But on this first Sunday of the season, I want to lift up the Advent Mary. The one who sings the song of an activist and believes in the power of transformation and advocacy. I want to lift up the Advent Mary who will not be silenced. The woman who looks straight ahead without flinching and gives voice to the voiceless and power to the powerless. On this first Advent Sunday, Mary represents the hope we lit the candle for at the beginning of this worship service.
On this first Advent Sunday where so many women in our world are busy rebuilding homes and families and communities in the wake of hurricanes and floods and fires and earthquakes, Mary sings on their behalf about a God who lifts up the lowly.
On this first Advent Sunday where so many women in our country and in our state and in the nearby Northeast neighborhood of Hartford and right here in our town are trying to figure out how to make ends meet so that there might be food enough on the table to feed their children, Mary sings on behalf of a God who promises to fill the hungry with good things.
On this first Advent Sunday when so many women across this country are coming forward with devastating stories about sexual assault and sexual misconduct and sexual harassment perpetrated by wealthy, powerful, high profile men, Mary sings about a God who brings the powerful down from their thrones and scatters the proud in the thoughts of their hearts…
History knows well the Mary of Christmas. The Christmas Mary has been singularly etched in our artistry and in our imaginations for generations. She is one of the Christmas archetypes. All Christians hold her in high esteem as the holy mother of God.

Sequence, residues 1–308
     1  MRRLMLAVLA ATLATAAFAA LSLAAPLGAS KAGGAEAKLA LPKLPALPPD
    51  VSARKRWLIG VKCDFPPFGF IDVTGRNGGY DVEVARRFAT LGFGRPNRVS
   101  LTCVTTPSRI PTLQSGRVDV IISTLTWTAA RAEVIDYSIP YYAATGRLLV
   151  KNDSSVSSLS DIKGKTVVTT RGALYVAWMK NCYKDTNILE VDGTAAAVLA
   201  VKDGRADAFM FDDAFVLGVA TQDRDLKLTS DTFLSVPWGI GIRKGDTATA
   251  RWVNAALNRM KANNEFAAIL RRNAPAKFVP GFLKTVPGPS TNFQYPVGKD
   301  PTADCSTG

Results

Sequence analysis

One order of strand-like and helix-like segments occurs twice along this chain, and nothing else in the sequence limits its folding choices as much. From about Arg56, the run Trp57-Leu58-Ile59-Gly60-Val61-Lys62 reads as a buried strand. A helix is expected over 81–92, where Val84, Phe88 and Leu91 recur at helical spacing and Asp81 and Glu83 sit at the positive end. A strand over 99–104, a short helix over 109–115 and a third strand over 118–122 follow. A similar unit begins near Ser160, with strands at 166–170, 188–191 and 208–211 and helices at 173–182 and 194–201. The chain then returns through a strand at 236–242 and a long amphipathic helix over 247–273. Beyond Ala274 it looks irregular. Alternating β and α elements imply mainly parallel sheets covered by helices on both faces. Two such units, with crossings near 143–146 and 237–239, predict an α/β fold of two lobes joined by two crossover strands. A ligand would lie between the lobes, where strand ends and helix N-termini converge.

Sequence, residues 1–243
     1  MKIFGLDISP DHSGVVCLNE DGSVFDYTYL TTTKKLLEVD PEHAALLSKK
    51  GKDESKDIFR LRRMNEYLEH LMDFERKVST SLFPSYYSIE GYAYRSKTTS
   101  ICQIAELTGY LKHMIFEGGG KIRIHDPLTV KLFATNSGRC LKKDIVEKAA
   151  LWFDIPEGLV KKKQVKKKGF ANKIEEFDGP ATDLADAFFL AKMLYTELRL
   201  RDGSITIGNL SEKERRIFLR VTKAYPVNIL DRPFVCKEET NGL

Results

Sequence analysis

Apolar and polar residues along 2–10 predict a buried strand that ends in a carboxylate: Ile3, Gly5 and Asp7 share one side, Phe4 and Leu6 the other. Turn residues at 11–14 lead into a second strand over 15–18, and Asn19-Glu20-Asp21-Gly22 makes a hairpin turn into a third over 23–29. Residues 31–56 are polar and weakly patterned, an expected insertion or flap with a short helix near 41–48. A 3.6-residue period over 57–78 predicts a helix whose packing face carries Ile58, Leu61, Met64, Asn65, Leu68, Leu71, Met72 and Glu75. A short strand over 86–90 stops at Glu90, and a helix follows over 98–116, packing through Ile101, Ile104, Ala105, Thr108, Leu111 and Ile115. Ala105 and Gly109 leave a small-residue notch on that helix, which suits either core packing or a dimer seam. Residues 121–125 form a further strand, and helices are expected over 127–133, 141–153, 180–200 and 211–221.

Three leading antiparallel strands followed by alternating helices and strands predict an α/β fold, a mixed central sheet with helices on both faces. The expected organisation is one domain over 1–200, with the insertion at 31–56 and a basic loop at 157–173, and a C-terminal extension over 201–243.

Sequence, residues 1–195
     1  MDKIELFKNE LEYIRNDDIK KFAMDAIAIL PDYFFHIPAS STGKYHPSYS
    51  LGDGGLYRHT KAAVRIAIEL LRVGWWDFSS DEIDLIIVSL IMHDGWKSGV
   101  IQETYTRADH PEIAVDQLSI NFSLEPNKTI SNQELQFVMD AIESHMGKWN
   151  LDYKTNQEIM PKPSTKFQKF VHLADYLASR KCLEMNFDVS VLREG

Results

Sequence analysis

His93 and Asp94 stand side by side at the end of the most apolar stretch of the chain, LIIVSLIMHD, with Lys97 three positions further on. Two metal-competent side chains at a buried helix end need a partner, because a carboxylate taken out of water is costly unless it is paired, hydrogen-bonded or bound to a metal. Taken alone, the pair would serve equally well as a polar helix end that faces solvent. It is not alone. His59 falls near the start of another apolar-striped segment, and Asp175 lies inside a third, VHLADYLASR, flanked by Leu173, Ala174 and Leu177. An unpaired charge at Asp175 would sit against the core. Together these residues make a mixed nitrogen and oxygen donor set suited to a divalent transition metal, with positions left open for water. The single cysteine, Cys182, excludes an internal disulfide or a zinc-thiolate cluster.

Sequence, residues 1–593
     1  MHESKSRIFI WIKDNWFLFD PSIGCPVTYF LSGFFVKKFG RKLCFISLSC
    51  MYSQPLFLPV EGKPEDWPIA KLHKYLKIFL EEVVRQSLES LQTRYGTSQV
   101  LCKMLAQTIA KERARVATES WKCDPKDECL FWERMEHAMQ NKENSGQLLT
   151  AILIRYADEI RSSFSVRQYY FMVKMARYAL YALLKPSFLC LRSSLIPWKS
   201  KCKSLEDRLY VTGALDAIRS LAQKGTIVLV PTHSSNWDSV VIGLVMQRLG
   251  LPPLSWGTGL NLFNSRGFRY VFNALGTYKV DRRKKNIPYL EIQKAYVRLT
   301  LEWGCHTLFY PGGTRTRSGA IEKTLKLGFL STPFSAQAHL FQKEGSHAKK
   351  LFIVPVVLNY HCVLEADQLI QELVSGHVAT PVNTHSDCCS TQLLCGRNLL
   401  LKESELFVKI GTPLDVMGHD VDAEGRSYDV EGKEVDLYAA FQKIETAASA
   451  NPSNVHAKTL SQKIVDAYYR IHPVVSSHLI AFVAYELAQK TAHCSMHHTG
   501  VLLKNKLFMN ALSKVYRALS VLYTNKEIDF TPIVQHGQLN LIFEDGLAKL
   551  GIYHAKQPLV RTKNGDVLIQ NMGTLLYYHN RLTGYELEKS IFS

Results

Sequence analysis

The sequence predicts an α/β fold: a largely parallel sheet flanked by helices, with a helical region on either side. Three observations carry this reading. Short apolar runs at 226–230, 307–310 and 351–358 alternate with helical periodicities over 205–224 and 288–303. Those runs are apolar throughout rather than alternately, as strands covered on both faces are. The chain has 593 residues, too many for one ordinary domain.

The Advent Mary, on the other hand, stands outside of the box history has packaged her in. She has her head held high and her gaze fixed forward into the future. She sings with a loud voice and about the kind of world God envisions even if it doesn’t represent the world as it appears now.
The Advent Mary represents brothers and sisters in our world who are largely nameless and faceless, too often vulnerable and losing trust. She is a symbol of courage and a witness for justice. We don’t know this Advent Mary by the child growing in her womb. We know the Mary of Advent by her soul which magnifies the Lord and by her spirit which rejoices in the God who saves her.
If hope this Advent season strikes you as a time when God scatters the proud and puts down the mighty and exalts those of low degree. If hope this Advent season strikes you as a time when God reveals who God is in the world under the worst conditions and in less than ideal places. If hope this Advent season strikes you as a woman who dares to sing out loud, foreshadowing a world fashioned in God’s own image…
If hope this Advent season makes you want to echo the words of the Magnificat, remember the one who sang the song first. Yes, Mary is the mother of Jesus Christ. At the same time, she is the fearless proclaimer of God’s new world order. Amen.